|Pithagorio faces the coast of Turkey|
|Samos mountains to the south west|
The thing is, we got to like Pithagoria (named for the maths whiz Pythagorus, born there in 580 BC) and Samos, very much, and as the days passed, we couldn't find a good reason to leave. Then the wind piped up (i.e. it blew harder than usual) for a day or so, and after that we discovered (thanks to an email from our friend Jane in Bodrum) that Turgutreis, the port where we were expecting to check into Turkey, was hosting a summer music festival to coincide with our intended arrival date. Great at any other time but not when you need to make a quick, clean entry, without tangles of red tape.
So we made another adjustment to the schedule. That's one of the things that happens when you are captain of your own ship, so to speak. It's the best part actually. Instead of checking out from Kos, we'd leave from Samos,
|The temple of Hera was once the largest in Greece|
|What's left of the huge altar on which animal sacrifices were burnt|
|Fragments of the temple|
|Good coffee in the port of Kokkari|
|Plenty of space on the town quay at Vathi - and the swell never stops|
|The dingy quay (our outboard in foreground) at Pithagorio|
|A quiet ale (Alpha draught) at The Iliad (below as well)|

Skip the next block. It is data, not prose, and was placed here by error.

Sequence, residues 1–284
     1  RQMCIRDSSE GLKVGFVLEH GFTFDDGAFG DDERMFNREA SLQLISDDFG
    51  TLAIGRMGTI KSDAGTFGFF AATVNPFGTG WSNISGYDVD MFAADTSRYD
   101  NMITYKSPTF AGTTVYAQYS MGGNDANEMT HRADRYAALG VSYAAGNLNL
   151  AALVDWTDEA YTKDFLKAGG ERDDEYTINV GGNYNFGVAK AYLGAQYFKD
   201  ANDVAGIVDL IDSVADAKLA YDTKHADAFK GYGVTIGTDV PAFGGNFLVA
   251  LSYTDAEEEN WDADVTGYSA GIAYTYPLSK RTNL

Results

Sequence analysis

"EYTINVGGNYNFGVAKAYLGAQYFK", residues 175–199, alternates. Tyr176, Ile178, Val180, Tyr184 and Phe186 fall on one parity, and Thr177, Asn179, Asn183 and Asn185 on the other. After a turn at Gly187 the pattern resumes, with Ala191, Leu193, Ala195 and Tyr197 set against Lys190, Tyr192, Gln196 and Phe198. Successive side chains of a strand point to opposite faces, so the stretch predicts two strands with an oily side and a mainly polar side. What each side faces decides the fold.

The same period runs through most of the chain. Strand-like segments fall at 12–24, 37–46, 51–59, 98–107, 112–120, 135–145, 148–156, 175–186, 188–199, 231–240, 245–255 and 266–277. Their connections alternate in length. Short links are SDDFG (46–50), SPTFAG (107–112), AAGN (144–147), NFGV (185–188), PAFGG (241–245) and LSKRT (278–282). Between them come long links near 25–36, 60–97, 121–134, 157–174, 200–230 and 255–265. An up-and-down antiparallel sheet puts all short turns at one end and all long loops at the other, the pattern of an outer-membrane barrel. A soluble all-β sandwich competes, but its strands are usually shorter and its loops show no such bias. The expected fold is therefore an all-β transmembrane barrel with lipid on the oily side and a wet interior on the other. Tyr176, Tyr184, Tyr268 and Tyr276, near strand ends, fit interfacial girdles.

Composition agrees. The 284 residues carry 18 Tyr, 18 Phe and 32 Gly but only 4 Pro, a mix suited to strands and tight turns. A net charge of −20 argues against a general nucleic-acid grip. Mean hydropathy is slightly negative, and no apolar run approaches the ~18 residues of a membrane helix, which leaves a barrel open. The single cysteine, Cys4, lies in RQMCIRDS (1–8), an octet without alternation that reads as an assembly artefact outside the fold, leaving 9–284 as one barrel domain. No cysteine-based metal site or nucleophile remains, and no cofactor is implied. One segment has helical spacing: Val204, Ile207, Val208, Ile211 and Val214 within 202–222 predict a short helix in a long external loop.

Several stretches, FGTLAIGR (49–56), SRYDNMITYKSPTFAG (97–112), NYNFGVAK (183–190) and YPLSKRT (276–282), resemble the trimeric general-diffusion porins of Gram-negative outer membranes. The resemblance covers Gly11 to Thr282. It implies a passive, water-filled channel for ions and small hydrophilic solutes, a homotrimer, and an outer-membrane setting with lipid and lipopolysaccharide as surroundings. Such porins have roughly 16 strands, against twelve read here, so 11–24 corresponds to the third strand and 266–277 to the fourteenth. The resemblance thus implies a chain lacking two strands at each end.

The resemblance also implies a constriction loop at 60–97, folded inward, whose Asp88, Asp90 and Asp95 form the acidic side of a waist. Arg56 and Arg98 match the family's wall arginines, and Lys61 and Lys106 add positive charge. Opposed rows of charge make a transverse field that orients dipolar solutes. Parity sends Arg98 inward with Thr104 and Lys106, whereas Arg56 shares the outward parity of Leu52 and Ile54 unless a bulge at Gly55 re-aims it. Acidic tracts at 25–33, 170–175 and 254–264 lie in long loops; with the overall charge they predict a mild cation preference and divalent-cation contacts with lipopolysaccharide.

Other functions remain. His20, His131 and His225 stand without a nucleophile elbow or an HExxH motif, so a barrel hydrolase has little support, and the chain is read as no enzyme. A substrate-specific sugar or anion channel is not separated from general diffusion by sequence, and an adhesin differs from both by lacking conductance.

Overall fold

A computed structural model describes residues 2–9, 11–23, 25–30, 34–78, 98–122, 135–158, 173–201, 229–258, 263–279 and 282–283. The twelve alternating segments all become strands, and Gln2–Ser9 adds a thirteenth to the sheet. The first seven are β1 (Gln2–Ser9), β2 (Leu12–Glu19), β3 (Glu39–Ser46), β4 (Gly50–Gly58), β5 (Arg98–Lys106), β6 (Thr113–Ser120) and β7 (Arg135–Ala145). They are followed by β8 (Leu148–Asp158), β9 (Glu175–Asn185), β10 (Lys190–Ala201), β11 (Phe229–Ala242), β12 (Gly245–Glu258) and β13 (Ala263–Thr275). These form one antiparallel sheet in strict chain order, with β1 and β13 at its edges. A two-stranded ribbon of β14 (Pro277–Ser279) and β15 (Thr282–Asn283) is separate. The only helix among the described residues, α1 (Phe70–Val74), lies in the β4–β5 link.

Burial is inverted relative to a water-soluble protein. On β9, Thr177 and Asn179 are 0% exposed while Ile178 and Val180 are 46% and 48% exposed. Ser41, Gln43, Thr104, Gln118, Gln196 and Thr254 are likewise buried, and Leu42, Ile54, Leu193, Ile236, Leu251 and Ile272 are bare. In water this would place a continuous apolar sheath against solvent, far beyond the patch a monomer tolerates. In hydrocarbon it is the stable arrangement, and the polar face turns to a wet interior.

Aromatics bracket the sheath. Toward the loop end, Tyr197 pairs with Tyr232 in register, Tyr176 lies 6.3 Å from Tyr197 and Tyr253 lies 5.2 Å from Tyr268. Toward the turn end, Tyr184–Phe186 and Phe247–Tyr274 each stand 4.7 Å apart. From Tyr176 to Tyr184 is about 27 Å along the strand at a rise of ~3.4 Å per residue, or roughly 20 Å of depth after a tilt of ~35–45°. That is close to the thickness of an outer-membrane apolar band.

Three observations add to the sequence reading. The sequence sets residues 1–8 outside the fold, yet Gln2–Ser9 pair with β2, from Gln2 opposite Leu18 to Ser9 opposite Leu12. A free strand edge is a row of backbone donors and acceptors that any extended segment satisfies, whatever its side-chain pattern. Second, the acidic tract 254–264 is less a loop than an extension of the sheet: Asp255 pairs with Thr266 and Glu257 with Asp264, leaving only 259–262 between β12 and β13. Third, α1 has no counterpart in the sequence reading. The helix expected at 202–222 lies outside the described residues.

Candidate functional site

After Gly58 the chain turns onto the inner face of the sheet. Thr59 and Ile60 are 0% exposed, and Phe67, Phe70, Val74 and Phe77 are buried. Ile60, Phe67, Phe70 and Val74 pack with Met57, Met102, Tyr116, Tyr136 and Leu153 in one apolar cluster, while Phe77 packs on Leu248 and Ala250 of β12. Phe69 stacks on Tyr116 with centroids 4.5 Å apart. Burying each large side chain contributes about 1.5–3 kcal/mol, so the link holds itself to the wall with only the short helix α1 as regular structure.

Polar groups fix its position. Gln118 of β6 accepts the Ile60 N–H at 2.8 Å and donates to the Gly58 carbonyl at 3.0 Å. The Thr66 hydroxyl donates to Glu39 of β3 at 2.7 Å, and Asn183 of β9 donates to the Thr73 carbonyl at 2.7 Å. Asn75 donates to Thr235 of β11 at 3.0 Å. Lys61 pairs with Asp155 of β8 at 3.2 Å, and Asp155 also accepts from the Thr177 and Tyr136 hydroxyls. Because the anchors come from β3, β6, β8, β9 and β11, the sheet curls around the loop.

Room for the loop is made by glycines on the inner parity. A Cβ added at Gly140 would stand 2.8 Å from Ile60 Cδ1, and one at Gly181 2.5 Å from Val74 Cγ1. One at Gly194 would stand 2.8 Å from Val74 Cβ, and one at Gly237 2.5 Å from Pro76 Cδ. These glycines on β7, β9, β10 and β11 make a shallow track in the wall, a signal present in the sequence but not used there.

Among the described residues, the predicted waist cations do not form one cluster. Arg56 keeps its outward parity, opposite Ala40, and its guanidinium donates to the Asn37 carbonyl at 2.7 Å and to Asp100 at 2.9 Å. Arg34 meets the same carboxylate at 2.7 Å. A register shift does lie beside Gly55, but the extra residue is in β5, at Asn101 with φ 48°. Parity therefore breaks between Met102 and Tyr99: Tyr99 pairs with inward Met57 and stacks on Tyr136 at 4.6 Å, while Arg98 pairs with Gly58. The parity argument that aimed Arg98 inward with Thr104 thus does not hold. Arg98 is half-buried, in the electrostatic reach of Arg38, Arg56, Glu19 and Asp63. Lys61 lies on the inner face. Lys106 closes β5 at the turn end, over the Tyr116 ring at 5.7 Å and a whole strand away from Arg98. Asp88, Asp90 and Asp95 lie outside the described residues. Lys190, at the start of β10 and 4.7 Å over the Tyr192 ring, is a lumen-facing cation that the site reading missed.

|The Duchess (right) and friend wait for the catch|
The biggest surprise Samos threw our way was a sharp and invigorating exhibition by an art collective called Slavs and Tatars. It could have come straight from the Museum of Modern Art in New York, and as it turns out, Slavs and Tatars have shown at MoMA. Standing on the quay amongst the tavernas and fishermen, the families on holiday and the young Greeks at play, it was like coming across a new book by Janet Malcolm or Colm Toibin in a marina book exchange. Better actually, because exhilarating new art is such a rare treat when you live on a boat whereas now we have Kindle...on which I can read Homer or the latest Alice Munro, or both at the same time.
|Museum pieces - remnants from a more powerful Samos (and below)|
|The Roman emperor Claudius|
I have finished The Odyssey, to my regret, though I sped through the Robert Fagles translation, wanting to keep everything I had seen and learned in Greece in front of my mind as I followed Odysseus on his epic trip back to Ithaca. I knew those helmets made of boar tusks which Homer spoke of, I knew the bronze spears, the silver and gold cups...they were real to me, I'd seen them with my own eyes in the museums in Athens. And so much more I'd seen.
|Mycenean gold cups|
|Zeus in bronze|
We're already tossing about where to check in for Greece Part II - Rhodes harbour or Symi? - as if that were happening next week rather than eight long months away. Turkey, on the other hand, we return to knowing the ropes much better than we did at this time last year, and there's some comfort in that.
We sit at anchor now in a bay known as Paradise, its clear warm water edged with pine trees and not a dwelling in sight. Rod Heikell's cruising guide directed us here through the legion fish farms in the gulf just south of Didim. For that, and much else, Heikell (dubbed Rod the God by some we know) deserves much thanks. Libations in gold cups even.